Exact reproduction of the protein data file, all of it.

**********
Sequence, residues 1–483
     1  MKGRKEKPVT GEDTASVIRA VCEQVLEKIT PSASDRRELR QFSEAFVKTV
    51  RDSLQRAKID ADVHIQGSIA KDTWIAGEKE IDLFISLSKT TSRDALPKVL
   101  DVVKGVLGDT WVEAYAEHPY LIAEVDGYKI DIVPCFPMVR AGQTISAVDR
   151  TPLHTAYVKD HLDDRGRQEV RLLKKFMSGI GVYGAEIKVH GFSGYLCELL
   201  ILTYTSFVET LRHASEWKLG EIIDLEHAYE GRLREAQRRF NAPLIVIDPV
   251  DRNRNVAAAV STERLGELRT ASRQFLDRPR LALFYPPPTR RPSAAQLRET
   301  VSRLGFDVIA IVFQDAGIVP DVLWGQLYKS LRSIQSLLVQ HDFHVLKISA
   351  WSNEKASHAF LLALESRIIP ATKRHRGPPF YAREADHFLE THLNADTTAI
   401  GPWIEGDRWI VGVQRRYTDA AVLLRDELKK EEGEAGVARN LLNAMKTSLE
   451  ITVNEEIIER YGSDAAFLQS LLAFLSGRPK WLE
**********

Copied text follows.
Sequence, residues 1–483
     1  MKGRKEKPVT GEDTASVIRA VCEQVLEKIT PSASDRRELR QFSEAFVKTV
    51  RDSLQRAKID ADVHIQGSIA KDTWIAGEKE IDLFISLSKT TSRDALPKVL
   101  DVVKGVLGDT WVEAYAEHPY LIAEVDGYKI DIVPCFPMVR AGQTISAVDR
   151  TPLHTAYVKD HLDDRGRQEV RLLKKFMSGI GVYGAEIKVH GFSGYLCELL
   201  ILTYTSFVET LRHASEWKLG EIIDLEHAYE GRLREAQRRF NAPLIVIDPV
   251  DRNRNVAAAV STERLGELRT ASRQFLDRPR LALFYPPPTR RPSAAQLRET
   301  VSRLGFDVIA IVFQDAGIVP DVLWGQLYKS LRSIQSLLVQ HDFHVLKISA
   351  WSNEKASHAF LLALESRIIP ATKRHRGPPF YAREADHFLE THLNADTTAI
   401  GPWIEGDRWI VGVQRRYTDA AVLLRDELKK EEGEAGVARN LLNAMKTSLE
   451  ITVNEEIIER YGSDAAFLQS LLAFLSGRPK WLE